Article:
HL Deb 29 October 1997 vol 582 cc1057-67

3.21 p.m.

The Lord Chancellor (Lord Irvine of Lairg)

My Lords, magistrates and magistrates' courts are critical to our criminal justice system. There are now over 30,000 lay magistrates, and 90 stipendiary or professional magistrates, divided between the metropolitan stipendiary bench serving Inner London and the provincial bench, that is, the rest of the country. The magistracy deals with about 97 per cent. of criminal offences prosecuted in England and Wales. It also has important family and local licensing jurisdictions. That is why it is vital that they are supported by policies which look to the next century—not back to the 19th century.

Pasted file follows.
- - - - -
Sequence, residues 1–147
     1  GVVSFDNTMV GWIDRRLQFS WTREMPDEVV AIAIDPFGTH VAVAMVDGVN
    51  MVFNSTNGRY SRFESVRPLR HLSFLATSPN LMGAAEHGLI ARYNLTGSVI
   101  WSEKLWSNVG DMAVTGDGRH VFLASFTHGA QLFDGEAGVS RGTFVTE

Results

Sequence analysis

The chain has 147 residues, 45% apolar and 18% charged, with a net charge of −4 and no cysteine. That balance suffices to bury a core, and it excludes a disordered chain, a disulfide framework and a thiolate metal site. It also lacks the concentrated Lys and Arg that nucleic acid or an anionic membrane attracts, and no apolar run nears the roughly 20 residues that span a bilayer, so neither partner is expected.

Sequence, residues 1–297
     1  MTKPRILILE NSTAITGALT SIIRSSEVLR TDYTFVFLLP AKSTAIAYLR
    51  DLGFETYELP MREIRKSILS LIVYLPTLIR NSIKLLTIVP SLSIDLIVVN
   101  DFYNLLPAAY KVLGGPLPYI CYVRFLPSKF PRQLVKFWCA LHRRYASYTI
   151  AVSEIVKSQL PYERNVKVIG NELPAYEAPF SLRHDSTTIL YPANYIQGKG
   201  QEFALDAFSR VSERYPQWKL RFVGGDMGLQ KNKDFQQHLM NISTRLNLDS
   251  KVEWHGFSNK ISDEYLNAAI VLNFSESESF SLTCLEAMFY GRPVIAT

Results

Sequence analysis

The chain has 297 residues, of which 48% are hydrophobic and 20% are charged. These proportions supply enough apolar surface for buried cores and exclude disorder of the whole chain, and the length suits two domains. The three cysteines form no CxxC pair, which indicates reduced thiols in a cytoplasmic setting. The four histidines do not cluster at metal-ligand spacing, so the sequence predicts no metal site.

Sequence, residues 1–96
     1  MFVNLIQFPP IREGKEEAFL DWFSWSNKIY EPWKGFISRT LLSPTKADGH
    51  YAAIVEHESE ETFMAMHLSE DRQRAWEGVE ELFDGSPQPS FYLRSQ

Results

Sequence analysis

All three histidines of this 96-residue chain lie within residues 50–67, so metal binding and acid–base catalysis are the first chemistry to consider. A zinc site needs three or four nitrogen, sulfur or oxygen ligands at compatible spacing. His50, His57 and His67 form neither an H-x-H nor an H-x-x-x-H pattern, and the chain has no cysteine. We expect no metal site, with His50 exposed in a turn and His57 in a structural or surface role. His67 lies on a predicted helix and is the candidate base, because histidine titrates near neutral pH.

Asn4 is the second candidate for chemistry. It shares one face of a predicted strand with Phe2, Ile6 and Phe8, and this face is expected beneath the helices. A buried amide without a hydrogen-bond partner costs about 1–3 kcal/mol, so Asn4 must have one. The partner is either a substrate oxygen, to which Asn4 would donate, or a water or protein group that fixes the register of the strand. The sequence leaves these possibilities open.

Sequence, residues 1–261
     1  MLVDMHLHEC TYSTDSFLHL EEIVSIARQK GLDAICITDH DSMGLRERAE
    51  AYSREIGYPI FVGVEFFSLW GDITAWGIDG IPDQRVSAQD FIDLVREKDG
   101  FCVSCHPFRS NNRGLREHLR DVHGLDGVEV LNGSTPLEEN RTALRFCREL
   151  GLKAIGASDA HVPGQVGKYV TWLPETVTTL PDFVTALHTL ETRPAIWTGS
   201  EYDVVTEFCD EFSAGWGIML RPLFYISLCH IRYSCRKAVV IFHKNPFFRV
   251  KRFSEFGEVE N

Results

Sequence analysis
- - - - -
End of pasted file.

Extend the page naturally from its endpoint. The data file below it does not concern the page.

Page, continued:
Arrangements for the management and funding of magistrates' courts were enacted by Parliament in 1949. The previous government brought forward proposals designed to clarify and improve the accountability of the magistrates' courts system, through Part IV of the Police and Magistrates' Courts Act 1994. A statutory responsibility was put on local magistrates' courts committees (MCCs) for the efficient and effective administration of the courts in their areas. It established the role of a justices' chief executive as chief administrative officer responsible to each MCC. It also provided new powers for the Lord Chancellor, including one to initiate proposals for amalgamating MCC areas and implementing them where, after consultation, he considers that an amalgamation would be likely to lead to an overall increase in the efficiency of the administration of the courts in the area.